1. Choose a new name for your pet. Shorter, easier-to-say names are best. Even dogs with long pedigreed names usually have short nicknames too.

2. Make a point of carrying some of your dog’s favorite treats with you. These can be doggy biscuits broken into pieces.

3. When time allows and when you want to grab your dog’s attention, call out the new name. When your dog looks back at you, immediately provide verbal praise and pet your dog. As you do so, offer a small food treat.

4. Offer the above praise even if your dog does not respond to the new name. Petfinder.com says that soon your dog “will know that hearing that word means great things are coming, and he will respond as if that word is his own!”

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What Your Dog’s Eyes Reveal

All mammals communicate information with their eyes. In any given moment, we humans are just not that consciously aware of it, even though we are taking it in. For example, you might notice that someone looks angry or sad even though you haven’t really analyzed why. Looking into a person’s eyes helps reveal how that individual feels.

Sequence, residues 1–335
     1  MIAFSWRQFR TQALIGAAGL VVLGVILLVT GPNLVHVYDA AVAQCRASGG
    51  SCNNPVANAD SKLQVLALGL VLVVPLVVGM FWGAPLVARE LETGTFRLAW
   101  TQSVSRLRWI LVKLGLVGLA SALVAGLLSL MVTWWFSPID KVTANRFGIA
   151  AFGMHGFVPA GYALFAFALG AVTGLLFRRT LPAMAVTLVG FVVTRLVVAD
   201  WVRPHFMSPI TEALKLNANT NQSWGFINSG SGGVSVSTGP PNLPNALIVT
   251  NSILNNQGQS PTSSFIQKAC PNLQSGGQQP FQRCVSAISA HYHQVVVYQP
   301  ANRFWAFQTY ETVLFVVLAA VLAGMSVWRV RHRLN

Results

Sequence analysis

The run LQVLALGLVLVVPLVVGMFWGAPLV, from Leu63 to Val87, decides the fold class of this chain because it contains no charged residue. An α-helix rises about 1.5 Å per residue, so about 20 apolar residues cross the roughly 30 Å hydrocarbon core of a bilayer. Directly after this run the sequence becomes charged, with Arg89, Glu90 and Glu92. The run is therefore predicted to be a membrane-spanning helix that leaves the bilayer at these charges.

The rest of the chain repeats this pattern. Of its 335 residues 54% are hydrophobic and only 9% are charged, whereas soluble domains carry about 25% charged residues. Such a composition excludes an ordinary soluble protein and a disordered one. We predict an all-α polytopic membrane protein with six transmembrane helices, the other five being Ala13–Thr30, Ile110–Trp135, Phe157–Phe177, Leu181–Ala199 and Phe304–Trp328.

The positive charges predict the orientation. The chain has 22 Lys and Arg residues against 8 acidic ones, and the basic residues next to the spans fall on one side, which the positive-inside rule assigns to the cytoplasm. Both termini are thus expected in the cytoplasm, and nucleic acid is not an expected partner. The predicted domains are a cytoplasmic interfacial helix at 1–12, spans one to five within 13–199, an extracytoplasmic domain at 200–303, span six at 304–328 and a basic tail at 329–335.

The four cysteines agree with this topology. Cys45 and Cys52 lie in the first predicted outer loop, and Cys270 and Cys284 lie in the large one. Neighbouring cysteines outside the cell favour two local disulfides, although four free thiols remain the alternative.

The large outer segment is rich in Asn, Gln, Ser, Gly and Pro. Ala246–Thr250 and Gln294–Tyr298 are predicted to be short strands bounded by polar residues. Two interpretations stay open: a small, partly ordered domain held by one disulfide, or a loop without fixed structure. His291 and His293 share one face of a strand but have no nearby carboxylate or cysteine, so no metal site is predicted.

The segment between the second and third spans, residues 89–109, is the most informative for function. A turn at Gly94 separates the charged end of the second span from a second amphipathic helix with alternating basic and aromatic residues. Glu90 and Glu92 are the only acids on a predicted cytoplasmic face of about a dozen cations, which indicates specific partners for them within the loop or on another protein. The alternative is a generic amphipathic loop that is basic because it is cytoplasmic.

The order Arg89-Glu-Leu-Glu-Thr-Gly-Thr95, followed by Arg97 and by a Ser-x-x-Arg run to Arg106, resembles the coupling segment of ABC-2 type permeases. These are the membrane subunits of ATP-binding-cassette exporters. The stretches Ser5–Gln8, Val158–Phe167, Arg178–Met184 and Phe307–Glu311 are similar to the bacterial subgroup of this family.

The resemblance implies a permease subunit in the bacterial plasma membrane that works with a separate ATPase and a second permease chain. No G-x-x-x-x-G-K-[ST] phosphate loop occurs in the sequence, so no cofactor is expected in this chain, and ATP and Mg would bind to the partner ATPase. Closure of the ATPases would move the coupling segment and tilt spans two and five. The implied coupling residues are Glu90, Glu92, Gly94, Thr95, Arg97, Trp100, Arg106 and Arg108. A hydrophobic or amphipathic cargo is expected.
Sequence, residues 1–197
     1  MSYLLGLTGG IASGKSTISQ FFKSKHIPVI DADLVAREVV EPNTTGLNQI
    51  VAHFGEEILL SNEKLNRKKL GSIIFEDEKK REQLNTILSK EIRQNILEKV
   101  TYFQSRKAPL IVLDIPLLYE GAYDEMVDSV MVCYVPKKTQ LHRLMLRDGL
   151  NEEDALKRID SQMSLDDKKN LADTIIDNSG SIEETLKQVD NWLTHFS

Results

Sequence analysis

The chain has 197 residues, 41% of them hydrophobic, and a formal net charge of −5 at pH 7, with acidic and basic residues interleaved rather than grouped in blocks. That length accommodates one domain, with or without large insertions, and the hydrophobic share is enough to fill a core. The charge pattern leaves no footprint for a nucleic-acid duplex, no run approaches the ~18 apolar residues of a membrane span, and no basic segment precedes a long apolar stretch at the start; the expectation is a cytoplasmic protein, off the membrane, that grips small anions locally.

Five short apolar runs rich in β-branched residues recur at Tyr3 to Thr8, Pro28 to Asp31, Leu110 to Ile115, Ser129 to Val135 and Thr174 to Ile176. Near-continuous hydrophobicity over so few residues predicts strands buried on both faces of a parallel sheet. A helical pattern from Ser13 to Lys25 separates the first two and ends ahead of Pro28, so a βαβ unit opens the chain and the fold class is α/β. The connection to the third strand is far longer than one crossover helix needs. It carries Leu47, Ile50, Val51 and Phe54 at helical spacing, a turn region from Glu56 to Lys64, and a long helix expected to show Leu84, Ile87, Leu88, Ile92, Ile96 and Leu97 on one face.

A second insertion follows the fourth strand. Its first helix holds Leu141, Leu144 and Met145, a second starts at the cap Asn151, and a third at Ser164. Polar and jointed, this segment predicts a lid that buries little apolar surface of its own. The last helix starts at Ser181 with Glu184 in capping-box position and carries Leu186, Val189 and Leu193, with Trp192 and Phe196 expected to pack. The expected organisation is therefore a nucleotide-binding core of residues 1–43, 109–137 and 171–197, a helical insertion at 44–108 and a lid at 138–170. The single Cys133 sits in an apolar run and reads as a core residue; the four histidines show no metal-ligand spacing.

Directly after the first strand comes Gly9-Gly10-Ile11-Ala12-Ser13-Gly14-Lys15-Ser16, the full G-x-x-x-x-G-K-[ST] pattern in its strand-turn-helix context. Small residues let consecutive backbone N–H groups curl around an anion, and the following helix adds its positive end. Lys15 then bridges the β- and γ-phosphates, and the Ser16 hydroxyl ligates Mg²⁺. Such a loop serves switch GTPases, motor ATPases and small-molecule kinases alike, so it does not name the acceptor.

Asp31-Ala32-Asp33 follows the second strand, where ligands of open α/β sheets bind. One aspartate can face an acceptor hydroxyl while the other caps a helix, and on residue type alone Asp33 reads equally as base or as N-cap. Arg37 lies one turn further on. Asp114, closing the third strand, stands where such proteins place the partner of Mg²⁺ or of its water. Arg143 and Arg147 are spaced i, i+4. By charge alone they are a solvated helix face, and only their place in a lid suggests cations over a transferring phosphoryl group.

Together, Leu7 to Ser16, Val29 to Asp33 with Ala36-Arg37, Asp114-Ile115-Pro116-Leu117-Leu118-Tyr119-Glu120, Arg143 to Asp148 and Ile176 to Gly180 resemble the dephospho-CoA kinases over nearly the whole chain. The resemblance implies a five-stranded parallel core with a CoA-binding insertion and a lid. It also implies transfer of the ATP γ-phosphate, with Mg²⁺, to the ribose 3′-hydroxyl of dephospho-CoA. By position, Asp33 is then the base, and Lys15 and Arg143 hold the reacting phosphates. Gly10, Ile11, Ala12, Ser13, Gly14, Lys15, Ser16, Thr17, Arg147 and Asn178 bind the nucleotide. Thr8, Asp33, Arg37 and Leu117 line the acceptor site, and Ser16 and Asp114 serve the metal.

In their book Good Dog!: Kids Teach Kids About Dog Behavior and Training, Evelyn Pang and Hilary Louie share how dogs can communicate with their eyes too. Here are some common emotions and how your dog shows them with its eyes:

Happy Your dog looks at you but does not stare. Your pal’s eyes will look relaxed yet not sleepy.

Scared A frightened dog will tend to look away, shielding its eyes from the person, the other dog or the object that is causing the fear.

Angry Just like a mad person, a mad dog will look at you right in the eyes and stare in a glaring manner.

Really Angry Pang and Louie warn against what they call “the half moon.” This is when the whites of your dog’s eyes take on a half-moon shape. If you see this, be prepared for trouble. Dogs often display this look when they are about to bite or attack someone, according to the authors.

Your dog’s tail, ears, mouth, nose, fur and more can also communicate how your dog is feeling. Pay attention to the visual details and you can better understand your pet’s mood.